As those of you reading this post are aware, the 2020 International Studies Association (ISA) conference was supposed to be in Honolulu, Hawaii. I had an AirBNB with a lanai all ready to go. As far as I can tell from the internet, a lanai is an oversized balcony upon which you can lounge and enjoy being outside in Hawaii. Alas, due to The Pandemic, I am lounging inside my apartment in Queens and listening to the sleet hit the windows.
I bet you’re in the same boat. Or on the same couch, more likely. Let’s mourn our Hawaii boondoggle vacations together with some classic Hawaiian cocktails (sure to leave you with some very specific liqueurs you’ll not use again for years) and talk international politics. That will cheer us all up in these dark, non-Hawaii times, especially since we haven’t had the chance to think about politics at all lately. Is there an election this year or something? I haven’t heard much about it.
If you haven’t already guessed, I’m Caelyn Cobb, the editor for Columbia University Press’s lists in global politics, which includes international relations, terrorism and security, comparative and regional politics, and international policy. In lieu of ISA, I’ll be doing a virtual conference booth tour on our blog. Today, I’ll introduce you to our program and some of our hot new releases. Be sure to browse our website for all the books we planned to exhibit at ISA; you can order them directly from us for 30 percent off with the code “ISA30.” No, we don’t have anything on pandemics. (Yet.) Yes, we do have something on Trump and IR.
Columbia University Press has a long tradition of publishing important works in international politics. Our backlist includes celebrated works like Kenneth N. Waltz’s Man, the State, and War and J. Ann Tickner’s Gender and International Relations: Feminist Perspectives on Achieving Global Security. We publish about thirty new books each year under the broad umbrella of international politics not in only political science, but also in international communication, sociology, and economics.
There are many books debuting this year that I was hoping to raise a blue cocktail to at our booth. Valerie M. Hudson, Donna Lee Bowen, and Lynne Nielsen’s new book, The First Political Order: How Sex Shapes Governance and National Security Worldwide, just officially released this month; it provides an impressive, data-driven examination of how the subjugation of women is correlated with worse governance and national security all over the world. (Fun fact: another Columbia book from Valerie and the WomenStats team, Sex and World Peace, was Emma Watson’s book pick for #OurSharedShelf on International Women’s Day.)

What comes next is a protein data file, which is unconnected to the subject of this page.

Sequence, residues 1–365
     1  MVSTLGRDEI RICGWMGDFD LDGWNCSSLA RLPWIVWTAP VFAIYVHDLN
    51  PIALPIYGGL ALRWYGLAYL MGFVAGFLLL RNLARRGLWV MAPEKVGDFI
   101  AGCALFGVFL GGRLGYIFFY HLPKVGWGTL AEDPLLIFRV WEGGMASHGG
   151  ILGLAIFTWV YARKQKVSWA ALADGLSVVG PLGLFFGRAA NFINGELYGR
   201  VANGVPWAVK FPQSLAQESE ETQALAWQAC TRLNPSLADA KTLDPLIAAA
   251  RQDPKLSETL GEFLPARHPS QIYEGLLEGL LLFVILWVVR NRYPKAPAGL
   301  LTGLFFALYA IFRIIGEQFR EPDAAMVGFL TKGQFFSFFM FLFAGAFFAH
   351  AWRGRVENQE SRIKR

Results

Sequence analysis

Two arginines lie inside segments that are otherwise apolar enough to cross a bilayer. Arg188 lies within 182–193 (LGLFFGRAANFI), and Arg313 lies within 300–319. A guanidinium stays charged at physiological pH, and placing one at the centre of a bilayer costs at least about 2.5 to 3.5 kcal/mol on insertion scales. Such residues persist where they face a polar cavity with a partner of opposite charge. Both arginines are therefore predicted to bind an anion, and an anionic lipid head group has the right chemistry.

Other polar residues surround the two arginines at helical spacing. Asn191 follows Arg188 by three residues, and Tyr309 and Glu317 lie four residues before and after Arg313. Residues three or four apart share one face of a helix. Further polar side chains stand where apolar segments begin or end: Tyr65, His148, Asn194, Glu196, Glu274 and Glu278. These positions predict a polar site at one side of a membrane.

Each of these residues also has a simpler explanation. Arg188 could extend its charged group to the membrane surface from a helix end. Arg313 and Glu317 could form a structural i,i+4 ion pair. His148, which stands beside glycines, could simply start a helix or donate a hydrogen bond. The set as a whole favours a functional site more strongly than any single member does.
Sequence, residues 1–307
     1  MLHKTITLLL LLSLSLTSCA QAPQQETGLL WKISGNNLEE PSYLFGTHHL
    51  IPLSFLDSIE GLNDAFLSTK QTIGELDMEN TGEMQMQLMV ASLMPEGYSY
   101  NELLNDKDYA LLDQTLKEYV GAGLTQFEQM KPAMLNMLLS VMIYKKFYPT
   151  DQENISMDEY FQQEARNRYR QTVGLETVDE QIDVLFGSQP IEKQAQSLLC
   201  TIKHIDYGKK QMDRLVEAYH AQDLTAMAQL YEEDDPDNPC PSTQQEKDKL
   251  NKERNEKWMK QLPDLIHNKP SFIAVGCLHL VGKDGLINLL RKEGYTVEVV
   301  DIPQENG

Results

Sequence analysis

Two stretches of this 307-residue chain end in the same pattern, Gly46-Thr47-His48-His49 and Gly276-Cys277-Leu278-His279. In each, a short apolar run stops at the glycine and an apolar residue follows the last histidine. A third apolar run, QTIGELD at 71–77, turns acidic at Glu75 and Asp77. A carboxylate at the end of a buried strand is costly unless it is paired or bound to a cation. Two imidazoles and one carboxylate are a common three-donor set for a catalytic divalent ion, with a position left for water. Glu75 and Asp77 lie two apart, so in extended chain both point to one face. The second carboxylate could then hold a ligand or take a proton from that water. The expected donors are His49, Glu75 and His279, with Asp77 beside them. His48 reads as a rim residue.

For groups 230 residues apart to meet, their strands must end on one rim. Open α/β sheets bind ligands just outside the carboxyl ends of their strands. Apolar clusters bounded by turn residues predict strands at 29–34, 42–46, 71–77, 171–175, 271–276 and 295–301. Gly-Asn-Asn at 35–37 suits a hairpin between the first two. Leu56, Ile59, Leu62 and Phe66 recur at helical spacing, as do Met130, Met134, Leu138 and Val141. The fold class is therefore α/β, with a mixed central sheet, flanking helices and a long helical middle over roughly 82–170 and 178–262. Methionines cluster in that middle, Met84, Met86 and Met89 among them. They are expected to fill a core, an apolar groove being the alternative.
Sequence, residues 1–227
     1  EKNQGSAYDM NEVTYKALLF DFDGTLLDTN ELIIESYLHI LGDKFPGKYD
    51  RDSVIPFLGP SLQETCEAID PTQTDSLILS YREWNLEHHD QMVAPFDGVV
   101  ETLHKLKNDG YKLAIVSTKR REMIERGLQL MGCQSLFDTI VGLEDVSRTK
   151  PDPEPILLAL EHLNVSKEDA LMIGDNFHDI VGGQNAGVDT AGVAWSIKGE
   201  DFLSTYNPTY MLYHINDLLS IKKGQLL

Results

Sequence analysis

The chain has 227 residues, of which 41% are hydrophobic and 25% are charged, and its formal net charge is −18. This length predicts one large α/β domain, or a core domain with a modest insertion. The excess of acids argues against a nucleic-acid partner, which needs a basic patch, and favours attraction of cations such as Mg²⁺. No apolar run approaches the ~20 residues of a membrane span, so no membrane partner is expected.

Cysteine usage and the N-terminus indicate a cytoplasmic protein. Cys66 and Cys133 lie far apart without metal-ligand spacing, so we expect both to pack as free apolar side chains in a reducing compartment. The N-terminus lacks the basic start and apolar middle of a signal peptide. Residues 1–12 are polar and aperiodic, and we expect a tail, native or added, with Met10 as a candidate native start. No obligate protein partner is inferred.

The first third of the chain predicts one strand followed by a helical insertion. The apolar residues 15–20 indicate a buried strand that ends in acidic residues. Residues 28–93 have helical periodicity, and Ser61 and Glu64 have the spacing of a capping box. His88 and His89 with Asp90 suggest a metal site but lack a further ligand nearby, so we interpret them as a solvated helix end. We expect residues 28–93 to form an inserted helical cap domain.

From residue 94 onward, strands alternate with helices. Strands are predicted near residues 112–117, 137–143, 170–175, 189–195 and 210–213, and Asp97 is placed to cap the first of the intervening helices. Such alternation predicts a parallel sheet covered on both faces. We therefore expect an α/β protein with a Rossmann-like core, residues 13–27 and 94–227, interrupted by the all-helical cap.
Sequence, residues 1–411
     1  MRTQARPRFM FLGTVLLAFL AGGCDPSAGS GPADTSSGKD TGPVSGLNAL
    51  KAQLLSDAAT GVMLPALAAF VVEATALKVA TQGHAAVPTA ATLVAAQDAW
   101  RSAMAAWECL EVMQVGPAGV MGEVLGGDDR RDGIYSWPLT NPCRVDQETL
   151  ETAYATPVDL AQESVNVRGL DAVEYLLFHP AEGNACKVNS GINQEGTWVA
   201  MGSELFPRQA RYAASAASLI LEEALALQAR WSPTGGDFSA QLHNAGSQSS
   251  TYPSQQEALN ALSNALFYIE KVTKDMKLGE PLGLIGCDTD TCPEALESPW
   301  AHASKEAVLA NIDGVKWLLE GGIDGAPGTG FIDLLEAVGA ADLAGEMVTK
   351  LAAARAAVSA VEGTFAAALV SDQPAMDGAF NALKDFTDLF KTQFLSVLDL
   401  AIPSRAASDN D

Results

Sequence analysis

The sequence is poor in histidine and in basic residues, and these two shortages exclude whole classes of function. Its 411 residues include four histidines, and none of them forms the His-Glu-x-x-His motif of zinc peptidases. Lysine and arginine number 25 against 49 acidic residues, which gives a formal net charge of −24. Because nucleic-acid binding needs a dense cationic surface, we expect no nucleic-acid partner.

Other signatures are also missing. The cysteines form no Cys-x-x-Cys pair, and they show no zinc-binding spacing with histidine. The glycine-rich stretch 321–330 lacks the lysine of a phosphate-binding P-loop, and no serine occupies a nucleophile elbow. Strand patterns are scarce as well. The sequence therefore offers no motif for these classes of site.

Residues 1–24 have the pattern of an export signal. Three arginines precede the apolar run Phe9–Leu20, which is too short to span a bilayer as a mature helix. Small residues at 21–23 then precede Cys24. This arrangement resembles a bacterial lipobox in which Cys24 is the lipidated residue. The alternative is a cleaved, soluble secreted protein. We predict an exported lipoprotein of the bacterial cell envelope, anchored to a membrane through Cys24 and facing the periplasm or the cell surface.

We always have a crop of exciting new books in our long-running series Columbia Studies in Terrorism and Irregular Warfare, edited by the legendary Bruce Hoffman. This spring, we’ve published Aaron Zelin’s Your Sons Are at Your Service, a study of Tunisian foreign fighters in ISIS; it’s one of those books where, before I signed it, multiple people sought me out to rave about how cool this research was. Soon to release as well is Lorenzo Vidino’s The Closed Circle, an examination of why people join and leave the Muslim Brotherhood in the West through their own compelling stories.
In the fall, we released some exciting books to debut at the American Political Science Association’s annual meeting, and I’m sad I’m not able to pump them up to the ISA crowd as well. Yvonne Chiu’s innovative work of international relations theory, Conspiring with the Enemy: The Ethic of Cooperation in Warfare, is a major achievement in the just war tradition. Reed Wood’s Female Fighters presents an impressive comparative examination of the particular role women play as fighters in rebel groups. And did you know we published a new book by Wendy Brown? It’s called In the Ruins of Neoliberalism: The Rise of Antidemocratic Politics in the West. It’s by Wendy Brown. Enough said.
Stay tuned for a few more ISA posts from my colleagues and me in the coming days. I’ll cover course books, books ripped from the headlines, and our new and exciting book series. Dan LoPreto, our editor for Columbia International Affairs Online (CIAO), will give you an overview of the database and how to subscribe. You should also sign up for our mailing list so you never miss out on our new books in International Relations.
As always, I’m open to pitches about your next great book. You can find our proposal guidelines online. I also welcome your chatter and retweets on Twitter (@caelyncobb), a.k.a. my main source of social interaction until we can stop social distancing. I look forward to hearing from you.
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